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ADVANCE Voice: NP

Jumping on the Retail Health Bandwagon

Published January 29, 2008 11:02 AM by Jennifer Ford

Retail health clinics, and NPs staffing them, provide convenient, affordable health care, even for the uninsured. But it's been common lately to see health insurance companies covering services in retail health clinics. Most retail clincs work with insurance providers so that patients can use their insurance and pay only their regular office-visit copay. "All the major health insurers have contracts with our members," says Tine Hansen-Turton, executive director of the Convenient Care Association. Among the insurance companies who offer coverage at clinics are CIGNA, Aetna, BlueCross BlueShield, Humana, and UnitedHealth Group. And these providers are continually expanding their networks to include many of the growing retail clinic chains. CIGNA, for example, recently added The Little Clinic (located in Kroger and Publix stores in Kentucky, Florida, Georgia, Ohio, Arizona and Tennessee) to its network, which includes MinuteClinic, RediClinic, and Take Care Health Systems.  

Insurance providers and hospitals, recognizing the benefit of these clinics to the public and the health care industry, have begun opening their own clinics. CIGNA Medical Group owns its own retail clinics, called CMG CareToday, and the Mayo Clinic recently announced that it will be opening several clinics of its own in Wisconsin and Minnesota in 2008. This is good news for NPs, because as these clincs continue to open at a breakneck pace, new jobs are being created for NPs just as quickly. And the involvement of respected key players from the health care industry will promote the good work NPs do. 

4 comments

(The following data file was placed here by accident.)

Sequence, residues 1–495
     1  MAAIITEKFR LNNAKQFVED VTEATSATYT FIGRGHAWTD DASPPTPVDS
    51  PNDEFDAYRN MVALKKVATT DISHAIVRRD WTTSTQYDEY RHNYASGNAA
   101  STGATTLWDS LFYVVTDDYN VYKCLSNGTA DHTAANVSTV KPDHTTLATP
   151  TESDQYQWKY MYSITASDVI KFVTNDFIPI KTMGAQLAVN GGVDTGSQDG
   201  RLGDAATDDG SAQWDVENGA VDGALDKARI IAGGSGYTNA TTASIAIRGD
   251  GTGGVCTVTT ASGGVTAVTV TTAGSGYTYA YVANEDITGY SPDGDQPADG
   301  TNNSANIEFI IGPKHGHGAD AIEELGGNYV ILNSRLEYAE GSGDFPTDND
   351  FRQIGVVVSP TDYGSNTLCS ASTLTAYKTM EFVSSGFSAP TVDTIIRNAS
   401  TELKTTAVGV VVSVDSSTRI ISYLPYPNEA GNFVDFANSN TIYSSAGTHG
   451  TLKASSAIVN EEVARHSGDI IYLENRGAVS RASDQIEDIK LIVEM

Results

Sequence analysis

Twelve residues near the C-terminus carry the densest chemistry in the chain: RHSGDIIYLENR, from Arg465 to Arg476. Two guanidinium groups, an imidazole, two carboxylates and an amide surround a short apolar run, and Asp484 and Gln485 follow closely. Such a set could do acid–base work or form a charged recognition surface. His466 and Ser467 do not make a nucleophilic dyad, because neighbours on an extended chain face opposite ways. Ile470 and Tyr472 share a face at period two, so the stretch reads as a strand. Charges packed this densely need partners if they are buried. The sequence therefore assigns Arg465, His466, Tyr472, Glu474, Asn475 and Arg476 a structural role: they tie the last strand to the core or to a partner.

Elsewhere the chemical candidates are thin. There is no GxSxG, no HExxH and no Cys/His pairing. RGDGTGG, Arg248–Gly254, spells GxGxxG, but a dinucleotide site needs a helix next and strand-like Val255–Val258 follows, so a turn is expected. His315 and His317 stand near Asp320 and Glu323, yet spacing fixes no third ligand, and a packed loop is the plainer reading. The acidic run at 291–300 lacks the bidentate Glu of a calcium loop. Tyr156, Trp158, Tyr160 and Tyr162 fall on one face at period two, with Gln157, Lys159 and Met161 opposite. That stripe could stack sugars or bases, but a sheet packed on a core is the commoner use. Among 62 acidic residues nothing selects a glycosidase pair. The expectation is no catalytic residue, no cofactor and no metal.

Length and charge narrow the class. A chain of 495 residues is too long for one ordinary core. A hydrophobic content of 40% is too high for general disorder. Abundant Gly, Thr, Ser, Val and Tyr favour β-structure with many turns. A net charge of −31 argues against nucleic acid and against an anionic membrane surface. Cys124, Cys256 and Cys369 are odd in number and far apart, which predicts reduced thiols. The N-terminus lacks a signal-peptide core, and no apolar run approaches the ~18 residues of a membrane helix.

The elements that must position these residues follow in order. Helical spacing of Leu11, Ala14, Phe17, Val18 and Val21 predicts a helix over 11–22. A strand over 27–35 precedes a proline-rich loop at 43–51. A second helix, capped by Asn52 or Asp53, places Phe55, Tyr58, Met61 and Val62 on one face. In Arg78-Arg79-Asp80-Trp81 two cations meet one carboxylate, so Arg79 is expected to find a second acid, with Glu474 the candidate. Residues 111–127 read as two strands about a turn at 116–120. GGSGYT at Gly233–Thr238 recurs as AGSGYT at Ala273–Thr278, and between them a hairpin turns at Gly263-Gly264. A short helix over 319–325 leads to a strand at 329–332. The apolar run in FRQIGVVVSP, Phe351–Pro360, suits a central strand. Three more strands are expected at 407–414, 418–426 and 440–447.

Ruth,

I'd like to offer you another perspective on your view of "...limit[ing] me essentially to sore throats and runny noses."

There are thousands of NP's that have selected a specific specialization of practice and are fine with that. For example, do you think that FNP's practicing at a Planned Parenthood have limited their scope of practice to "only" women's health? Would you consider this pigeon-holing? Other examples of NP specialized practice include pain management, coumadin clincis, critical care, etc. Retail clinics are focused on high-quality evaluation and treatment of routine episodic illnesses. I see no difference in this than any other specialty.

One of the most important things that I see for NP's practicing in retail clinics is the chance to interact with thousands upon thousands of potential patients/customers/consumers of healthcare and educating them on the NP role. There is no other setting where one has the potential to reach as many people to spread the word about NP-driven care than in the retail setting. We all know that patients are sold on NP-driven care once they have the opportunity to experience it.

In addition, retail clinics offer NP's the chance to pursue a career ladder as there are many management/recruiting/leadership opportunities.  

I'll admit, retail-clinics aren't suited for all NP's just as all NP's aren't suited for these clinics. I just can't understand why some may take that same "limiting" view as to the benefit of the clinics, our profession and our patients.  

Stephen Ferrara, FNP February 17, 2008 1:20 PM
NY